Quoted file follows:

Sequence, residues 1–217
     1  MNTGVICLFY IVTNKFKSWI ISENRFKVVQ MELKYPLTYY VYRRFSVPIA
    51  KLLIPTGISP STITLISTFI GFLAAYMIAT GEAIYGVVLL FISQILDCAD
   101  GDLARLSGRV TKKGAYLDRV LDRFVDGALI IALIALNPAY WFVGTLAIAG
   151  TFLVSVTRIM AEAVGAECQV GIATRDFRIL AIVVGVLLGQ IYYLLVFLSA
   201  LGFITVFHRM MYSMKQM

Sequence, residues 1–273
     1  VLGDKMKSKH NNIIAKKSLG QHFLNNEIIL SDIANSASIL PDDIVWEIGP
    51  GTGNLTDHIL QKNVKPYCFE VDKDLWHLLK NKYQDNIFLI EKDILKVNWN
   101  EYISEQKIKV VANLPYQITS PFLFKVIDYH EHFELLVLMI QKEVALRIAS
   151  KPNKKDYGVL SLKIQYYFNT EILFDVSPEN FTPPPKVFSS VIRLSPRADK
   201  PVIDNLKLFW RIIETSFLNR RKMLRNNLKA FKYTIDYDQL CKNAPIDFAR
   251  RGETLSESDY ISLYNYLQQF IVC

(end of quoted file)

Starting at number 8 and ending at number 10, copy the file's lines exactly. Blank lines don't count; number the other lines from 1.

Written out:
     1  VLGDKMKSKH NNIIAKKSLG QHFLNNEIIL SDIANSASIL PDDIVWEIGP
    51  GTGNLTDHIL QKNVKPYCFE VDKDLWHLLK NKYQDNIFLI EKDILKVNWN
   101  EYISEQKIKV VANLPYQITS PFLFKVIDYH EHFELLVLMI QKEVALRIAS